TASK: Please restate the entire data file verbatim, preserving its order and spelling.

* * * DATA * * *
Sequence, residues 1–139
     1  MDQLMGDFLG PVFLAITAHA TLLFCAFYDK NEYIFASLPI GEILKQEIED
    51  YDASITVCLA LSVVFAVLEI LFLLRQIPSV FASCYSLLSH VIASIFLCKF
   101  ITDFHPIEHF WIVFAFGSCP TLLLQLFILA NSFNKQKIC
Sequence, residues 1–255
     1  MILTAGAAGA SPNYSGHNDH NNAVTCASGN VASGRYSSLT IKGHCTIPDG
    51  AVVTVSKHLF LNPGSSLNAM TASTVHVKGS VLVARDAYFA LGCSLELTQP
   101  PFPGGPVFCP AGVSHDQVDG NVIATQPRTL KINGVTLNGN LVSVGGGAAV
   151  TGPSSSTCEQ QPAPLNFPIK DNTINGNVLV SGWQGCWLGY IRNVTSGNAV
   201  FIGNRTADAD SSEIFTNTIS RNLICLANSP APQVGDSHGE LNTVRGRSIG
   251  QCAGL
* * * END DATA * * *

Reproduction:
Sequence, residues 1–139
     1  MDQLMGDFLG PVFLAITAHA TLLFCAFYDK NEYIFASLPI GEILKQEIED
    51  YDASITVCLA LSVVFAVLEI LFLLRQIPSV FASCYSLLSH VIASIFLCKF
   101  ITDFHPIEHF WIVFAFGSCP TLLLQLFILA NSFNKQKIC
Sequence, residues 1–255
     1  MILTAGAAGA SPNYSGHNDH NNAVTCASGN VASGRYSSLT IKGHCTIPDG
    51  AVVTVSKHLF LNPGSSLNAM TASTVHVKGS VLVARDAYFA LGCSLELTQP
   101  PFPGGPVFCP AGVSHDQVDG NVIATQPRTL KINGVTLNGN LVSVGGGAAV
   151  TGPSSSTCEQ QPAPLNFPIK DNTINGNVLV SGWQGCWLGY IRNVTSGNAV
   201  FIGNRTADAD SSEIFTNTIS RNLICLANSP APQVGDSHGE LNTVRGRSIG
   251  QCAGL